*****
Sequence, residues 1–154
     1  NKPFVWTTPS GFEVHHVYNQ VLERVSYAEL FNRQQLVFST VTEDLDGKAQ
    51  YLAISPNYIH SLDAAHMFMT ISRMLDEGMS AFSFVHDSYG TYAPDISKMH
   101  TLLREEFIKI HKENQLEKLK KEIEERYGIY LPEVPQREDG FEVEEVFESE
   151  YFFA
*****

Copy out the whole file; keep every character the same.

Sequence, residues 1–154
     1  NKPFVWTTPS GFEVHHVYNQ VLERVSYAEL FNRQQLVFST VTEDLDGKAQ
    51  YLAISPNYIH SLDAAHMFMT ISRMLDEGMS AFSFVHDSYG TYAPDISKMH
   101  TLLREEFIKI HKENQLEKLK KEIEERYGIY LPEVPQREDG FEVEEVFESE
   151  YFFA